The European Environment Agency (EEA) has published a new report entitled ‘Urban adaptation to climate change in Europe 2016 – transforming cities in a changing climate’. The report provides an in-depth overview of the actions that urban planners and policymakers can take to reduce the impact of climate change, and stresses the benefits of investing in long-term preventive measures. ICLEI Europe is a co-author of the report and also supported the EEA in coordinating its production.
European cities are increasingly susceptible to the negative aspects of climate change, which are expected to increase in frequency and intensity with extreme events such as heatwaves, flooding, water scarcity and droughts. At the same time, social, economic and demographic changes can make cities more vulnerable. These can greatly impact a wide range of city functions, infrastructure and services such as energy, transport and water, and will affect urban quality of life.
The report recommends that to meet these challenges, cities must take a wider systemic approach that addresses the root causes of vulnerability to climate change. This includes better urban planning, with more green areas that can retain excess rainwater or cool dense city centres in hot weather, or by preventing the construction of houses in flood-prone areas. This approach can transform cities into much more attractive, climate-resilient and sustainable places to live and work.
For more information and to read the report, visit eea.europa.eu
Representatives from European cities met in Bonn (Germany) on 5 July to discuss their experiences and successful strategies for adapting to climate change at the 3rd Open European Day at Bonn Resilient Cities. The event was attended by over 120 cities and climate change adaptation experts. As resilience development is not only a response to the challenges caused by climate change but also an opportunity to mitigate climate change and reduce risk, the importance of taking a holistic approach was a recurring theme. As noted by Jerry Velasquez of UNISDR, while cities are engines of growth, they are also driving increases in risk.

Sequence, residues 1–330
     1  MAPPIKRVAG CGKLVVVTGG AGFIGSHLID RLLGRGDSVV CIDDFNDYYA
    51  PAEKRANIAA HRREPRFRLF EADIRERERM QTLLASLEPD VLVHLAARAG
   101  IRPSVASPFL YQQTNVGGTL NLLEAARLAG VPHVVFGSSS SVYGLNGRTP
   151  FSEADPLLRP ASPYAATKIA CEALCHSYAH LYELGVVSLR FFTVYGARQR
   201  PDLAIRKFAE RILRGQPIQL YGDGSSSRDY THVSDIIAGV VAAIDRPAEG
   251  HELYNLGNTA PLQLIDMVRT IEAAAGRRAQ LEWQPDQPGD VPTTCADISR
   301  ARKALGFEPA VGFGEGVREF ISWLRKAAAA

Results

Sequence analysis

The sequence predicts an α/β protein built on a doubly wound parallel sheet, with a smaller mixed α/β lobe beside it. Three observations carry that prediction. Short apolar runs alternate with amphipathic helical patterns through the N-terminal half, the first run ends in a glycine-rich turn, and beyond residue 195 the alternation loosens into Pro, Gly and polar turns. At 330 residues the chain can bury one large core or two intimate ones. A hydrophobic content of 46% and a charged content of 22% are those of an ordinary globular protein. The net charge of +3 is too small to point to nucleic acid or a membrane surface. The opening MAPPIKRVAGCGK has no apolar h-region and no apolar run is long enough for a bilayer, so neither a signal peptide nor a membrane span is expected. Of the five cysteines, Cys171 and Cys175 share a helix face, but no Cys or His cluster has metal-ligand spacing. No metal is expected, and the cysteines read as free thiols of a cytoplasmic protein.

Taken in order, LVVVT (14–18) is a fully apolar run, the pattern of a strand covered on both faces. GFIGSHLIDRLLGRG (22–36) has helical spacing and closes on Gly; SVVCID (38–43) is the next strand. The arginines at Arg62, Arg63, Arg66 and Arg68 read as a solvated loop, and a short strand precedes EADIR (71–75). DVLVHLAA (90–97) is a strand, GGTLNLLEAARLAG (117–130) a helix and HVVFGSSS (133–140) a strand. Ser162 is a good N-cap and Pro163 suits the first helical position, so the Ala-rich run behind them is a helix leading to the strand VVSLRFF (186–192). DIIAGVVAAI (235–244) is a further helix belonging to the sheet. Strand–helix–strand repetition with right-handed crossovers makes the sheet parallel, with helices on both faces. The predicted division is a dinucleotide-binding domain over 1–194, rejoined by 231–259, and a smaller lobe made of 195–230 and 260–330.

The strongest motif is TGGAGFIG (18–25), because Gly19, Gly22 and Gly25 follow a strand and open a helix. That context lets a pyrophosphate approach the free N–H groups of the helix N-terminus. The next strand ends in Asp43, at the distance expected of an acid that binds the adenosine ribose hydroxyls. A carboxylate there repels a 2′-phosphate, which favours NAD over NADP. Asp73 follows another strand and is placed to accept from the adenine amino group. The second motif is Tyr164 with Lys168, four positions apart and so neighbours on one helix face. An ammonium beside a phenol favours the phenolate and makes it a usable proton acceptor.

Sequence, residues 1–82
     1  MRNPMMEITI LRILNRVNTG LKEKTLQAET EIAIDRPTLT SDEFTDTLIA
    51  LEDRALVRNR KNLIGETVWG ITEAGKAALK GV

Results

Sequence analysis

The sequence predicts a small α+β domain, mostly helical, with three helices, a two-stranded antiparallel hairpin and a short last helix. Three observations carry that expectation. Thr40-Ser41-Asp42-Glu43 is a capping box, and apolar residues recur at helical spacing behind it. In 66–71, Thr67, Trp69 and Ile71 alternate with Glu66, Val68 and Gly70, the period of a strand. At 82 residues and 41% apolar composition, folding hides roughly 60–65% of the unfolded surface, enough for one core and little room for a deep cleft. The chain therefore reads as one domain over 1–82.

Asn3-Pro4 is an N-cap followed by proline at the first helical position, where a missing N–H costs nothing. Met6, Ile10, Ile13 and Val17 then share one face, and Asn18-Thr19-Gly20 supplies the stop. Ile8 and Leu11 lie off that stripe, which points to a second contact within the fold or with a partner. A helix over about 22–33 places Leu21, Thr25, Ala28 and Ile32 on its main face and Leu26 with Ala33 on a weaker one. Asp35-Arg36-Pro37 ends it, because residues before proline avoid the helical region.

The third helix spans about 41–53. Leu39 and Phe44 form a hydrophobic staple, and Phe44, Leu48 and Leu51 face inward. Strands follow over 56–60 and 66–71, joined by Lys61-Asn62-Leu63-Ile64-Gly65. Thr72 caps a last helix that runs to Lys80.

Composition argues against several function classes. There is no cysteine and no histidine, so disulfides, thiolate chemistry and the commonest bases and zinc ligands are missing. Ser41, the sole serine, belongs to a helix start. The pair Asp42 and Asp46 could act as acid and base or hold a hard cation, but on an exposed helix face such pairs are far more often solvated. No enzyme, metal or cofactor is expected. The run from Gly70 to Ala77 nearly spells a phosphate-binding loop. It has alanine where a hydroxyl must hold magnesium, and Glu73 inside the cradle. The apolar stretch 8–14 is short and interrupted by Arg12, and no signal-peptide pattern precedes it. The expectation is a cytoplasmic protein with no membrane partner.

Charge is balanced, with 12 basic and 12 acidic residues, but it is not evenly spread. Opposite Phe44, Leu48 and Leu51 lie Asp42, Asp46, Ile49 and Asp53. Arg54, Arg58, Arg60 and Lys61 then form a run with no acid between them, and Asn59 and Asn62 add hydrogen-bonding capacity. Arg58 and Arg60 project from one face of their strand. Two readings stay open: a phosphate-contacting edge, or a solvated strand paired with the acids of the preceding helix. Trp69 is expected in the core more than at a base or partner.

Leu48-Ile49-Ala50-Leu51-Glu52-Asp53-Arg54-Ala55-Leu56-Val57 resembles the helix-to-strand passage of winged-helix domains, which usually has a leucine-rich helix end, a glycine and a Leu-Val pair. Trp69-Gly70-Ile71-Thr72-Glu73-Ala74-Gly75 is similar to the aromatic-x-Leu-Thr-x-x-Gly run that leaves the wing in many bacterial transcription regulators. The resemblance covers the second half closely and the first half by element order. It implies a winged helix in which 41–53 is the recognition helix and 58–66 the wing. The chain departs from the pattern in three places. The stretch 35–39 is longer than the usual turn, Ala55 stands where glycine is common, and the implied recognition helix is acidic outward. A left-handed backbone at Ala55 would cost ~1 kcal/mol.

Amongst many first-hand contributions by cities, Marie Gantois shared Paris’ (France) successful experience with refurbishing and retrofitting buildings to save energy and improve thermal comfort. Jonathan Sadler demonstrated how green infrastructure has been the key to driving green growth in the City of Manchester (UK). Thessaloniki (Greece) gained the public’s support for resilience measures by communicating the relationship between resilience and the issues most affecting citizens: employment and the economy. Further examples of cities’ input are included in an animated video from the day. The event report will be published after the summer break.
The closing session of the event saw the launch of the European Environment Agency report Urban adaptation to climate change in Europe 2016. The 3rd Open European Day was organised by ICLEI and the European Environment Agency and co-organised by the Placard and RESIN projects, and supported by the European Commission - DG CLIMA and DG Research, and the European Investment Bank.
For more information, visit the Open European Day website.